Always Be Prepared for Data Loss

datalossWhen your hard drive decides to commit suicide, make sure you have backups to survive the ensuing chaos.

Yesterday, another attorney’s hard drive fried itself. He had a backup through Mac OS X Time Machine, and also used some form of cloud storage, but neither backup could give him the last full image backup. Understandably, he went back and forth before ultimately restoring the last captured full hard drive image from Time Machine.

If you are worried about the same scenario, consider cloud storage. A program like Dropbox stores everything on the cloud and on your hard drive. Dropbox updates continuously as long as you have an active internet connection. If your computer crashes, you can restore everything. If the cloud in the sky evaporates, you still have everything on your actual hard drive. Either way, if one source crashes, you still have instant access to everything.

If you do not have a large documents file, consider buying an external hard drive or even a thumb drive. Keep it plugged in all the time, and set it up to backup every ten minutes, or every hour.

You might even consider doing both. When your practice is tied to your computer, you can never be too careful.


  1. Avatar Dan Weinand says:

    Minnesota-based CrashPlan has an awesome system for backing up locally, to remote servers you own, or to their own online service.

    Time Machine, unfortunately, while easy to use seems less-than-reliable for backing up critical data. Particularly, if done over WiFi, there is real potential for your backup to be corrupted.

    Whatever solution you use, it’s important to regularly test restoring from backups. There’s nothing worse than going to restore you data after a HD crash, only to find out the file is corrupted and nothing was saved. Additionally, keeping a backup stored offsite, will protect you in the event of a fire, flood, or theft.

  2. Avatar Mitch Jackson says:

    Data loss can also happen via theft . Several years ago our firm we burglarized and all the drives and processors were taken. Fortunately, we were backing up off-site via the net and on-site (stolen) with a direct network device. We also did, and still do, encrypt data. Now we continue to do multiple backups (also for natural disasters) and have placed the server in a room that can be locked. All ideas we highly recommend!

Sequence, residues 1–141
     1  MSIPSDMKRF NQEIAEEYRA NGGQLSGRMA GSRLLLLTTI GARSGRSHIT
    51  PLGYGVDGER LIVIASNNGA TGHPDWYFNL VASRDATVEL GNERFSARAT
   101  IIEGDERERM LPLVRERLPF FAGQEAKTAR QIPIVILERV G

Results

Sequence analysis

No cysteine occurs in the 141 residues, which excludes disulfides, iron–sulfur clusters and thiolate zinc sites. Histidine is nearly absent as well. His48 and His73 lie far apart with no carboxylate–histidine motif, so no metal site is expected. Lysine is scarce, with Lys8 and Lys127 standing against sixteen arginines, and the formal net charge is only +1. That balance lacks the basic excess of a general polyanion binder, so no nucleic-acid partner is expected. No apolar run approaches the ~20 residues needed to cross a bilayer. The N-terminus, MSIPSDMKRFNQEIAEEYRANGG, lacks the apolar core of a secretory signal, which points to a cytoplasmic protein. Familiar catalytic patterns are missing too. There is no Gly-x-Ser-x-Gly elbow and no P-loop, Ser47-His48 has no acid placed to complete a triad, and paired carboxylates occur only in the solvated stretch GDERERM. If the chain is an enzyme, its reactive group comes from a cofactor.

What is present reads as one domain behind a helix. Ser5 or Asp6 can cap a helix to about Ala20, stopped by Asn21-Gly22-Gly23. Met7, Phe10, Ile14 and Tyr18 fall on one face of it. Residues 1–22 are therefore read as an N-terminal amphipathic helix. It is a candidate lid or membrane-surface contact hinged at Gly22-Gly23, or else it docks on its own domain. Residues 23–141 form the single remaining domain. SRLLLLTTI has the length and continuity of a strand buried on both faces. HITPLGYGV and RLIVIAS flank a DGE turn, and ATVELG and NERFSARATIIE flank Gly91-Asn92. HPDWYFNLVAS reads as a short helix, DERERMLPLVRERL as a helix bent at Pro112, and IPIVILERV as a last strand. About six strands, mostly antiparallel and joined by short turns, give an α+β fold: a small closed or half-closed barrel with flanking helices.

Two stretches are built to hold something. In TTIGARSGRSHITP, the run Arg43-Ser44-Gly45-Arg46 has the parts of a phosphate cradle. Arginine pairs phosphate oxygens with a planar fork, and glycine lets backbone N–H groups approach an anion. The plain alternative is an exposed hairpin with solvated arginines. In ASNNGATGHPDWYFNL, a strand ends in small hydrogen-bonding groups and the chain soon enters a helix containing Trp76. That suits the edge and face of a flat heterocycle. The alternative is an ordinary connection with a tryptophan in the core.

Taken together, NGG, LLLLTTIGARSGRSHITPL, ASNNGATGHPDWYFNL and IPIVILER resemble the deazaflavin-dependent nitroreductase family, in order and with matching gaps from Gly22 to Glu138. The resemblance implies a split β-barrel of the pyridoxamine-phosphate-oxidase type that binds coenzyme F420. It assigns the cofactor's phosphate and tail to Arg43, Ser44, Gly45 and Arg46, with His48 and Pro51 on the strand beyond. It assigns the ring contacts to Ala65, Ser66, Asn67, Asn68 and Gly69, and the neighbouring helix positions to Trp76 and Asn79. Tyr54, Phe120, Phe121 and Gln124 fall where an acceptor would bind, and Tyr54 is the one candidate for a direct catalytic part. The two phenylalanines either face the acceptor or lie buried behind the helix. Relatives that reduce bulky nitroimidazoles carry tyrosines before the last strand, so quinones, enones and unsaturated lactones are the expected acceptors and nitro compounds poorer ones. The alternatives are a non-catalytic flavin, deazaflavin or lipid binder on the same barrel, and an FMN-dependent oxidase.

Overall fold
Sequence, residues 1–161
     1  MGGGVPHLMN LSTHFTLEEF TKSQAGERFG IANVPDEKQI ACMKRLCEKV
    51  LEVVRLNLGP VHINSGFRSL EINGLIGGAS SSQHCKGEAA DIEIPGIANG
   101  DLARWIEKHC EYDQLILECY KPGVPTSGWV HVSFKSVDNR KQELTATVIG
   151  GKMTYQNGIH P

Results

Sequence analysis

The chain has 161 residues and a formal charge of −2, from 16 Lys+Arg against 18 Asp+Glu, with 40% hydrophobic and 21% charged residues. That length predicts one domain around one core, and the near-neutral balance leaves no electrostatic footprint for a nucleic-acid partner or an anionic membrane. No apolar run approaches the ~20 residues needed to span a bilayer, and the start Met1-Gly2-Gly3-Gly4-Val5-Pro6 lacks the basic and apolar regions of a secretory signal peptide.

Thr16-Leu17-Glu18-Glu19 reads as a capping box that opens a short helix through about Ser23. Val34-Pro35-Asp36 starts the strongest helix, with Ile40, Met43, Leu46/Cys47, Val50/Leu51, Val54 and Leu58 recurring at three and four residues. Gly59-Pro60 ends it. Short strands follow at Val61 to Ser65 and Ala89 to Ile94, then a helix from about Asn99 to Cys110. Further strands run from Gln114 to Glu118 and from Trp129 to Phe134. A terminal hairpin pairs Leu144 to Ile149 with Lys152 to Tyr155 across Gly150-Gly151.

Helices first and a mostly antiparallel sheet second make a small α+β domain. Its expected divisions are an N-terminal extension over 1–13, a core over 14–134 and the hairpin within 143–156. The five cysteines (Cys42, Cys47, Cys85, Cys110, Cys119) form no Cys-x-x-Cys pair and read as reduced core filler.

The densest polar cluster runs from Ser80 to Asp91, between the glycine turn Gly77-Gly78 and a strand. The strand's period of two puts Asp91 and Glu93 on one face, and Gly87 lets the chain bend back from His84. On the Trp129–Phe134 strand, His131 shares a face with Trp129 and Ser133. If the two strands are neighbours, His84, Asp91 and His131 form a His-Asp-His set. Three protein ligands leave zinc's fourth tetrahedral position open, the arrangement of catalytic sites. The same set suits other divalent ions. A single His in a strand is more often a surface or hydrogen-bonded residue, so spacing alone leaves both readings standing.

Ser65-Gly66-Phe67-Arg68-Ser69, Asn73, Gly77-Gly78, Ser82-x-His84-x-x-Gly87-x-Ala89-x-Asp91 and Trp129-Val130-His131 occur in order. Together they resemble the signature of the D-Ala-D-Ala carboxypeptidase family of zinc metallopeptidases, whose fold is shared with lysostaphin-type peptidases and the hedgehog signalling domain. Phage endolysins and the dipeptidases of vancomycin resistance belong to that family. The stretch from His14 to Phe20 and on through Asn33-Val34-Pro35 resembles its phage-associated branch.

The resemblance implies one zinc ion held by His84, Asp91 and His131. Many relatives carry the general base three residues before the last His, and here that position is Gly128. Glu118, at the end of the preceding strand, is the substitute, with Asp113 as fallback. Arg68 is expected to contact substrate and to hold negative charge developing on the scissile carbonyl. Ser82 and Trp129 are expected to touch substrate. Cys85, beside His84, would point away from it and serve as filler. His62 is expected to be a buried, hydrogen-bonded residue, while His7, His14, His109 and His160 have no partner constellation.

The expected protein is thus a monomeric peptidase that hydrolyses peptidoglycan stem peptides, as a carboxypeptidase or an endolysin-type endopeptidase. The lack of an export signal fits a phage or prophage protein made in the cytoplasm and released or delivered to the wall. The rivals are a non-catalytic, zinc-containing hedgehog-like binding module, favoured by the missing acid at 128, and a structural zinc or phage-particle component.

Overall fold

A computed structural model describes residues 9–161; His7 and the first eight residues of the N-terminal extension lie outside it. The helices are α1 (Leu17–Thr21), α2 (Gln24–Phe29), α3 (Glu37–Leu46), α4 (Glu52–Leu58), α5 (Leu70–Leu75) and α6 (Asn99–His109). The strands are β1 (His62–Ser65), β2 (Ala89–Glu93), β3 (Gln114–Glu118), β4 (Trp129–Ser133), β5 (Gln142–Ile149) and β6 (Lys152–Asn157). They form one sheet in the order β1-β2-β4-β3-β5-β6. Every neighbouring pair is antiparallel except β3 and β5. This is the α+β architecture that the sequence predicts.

Mitch Jackson, Esq.
    Jackson & Wilson, Inc.
    2009 OC Trial Lawyer of the Year

  3. Avatar Dan Nguyen says:

    I do both; I use a syncing service to sync my files between my Mac & PC desktop, and use Time Machine to back up my Mac. I also have a NAS that I backup my PC desktop to.

    I will also reiterate the ability to testing & restoring data; you need to know how good the ability to restore data is on a particular service.

  4. Avatar John Allison says:

    Mitch’s advice is very sound. Physical security is as important as distributed backups.

    I am the systems administrator at an estate planning firm. We protect our data in three ways.

    RAID: The server is running with 3 hard drives. The first runs the operating system. The second and third drives are mirrored RAID drives. If a drive fails the firm can continue to function for the rest of the day with little to no actual downtime. Repairs can be made after hours when lawyers and staff are minimally affected.

    Local backup: We use crash plan, mentioned earlier, because it is free to use if your backup machine is local. The stored data is encrypted.

    Cloud backup: For this we use Carbonite. For $60/year, on Mac or Windows (Sorry Ubuntu users), our data is encrypted and sent as encrypted packets over the internet to be stored off site.

    I’ve had to restore data from corrupted hard drives using both CrashPlan and Carbonite. Each is different, but both very intuitive and easy to use. I’d recommend both. The restores were everything from a full restore to just a couple of files.

  5. Interesting post and comments.

    I agree that all of these suggestions are valid and will work, I thought I could add to the conversation by proposing an alternative solution.

    SaaS document management relieves the issue of back-up and hard drive crashes as all ones documents are stored and backed-up in the cloud and accessible from anywhere without the need for multiple file-syncing and back up solutions. It does this while also providing standard DMS features.

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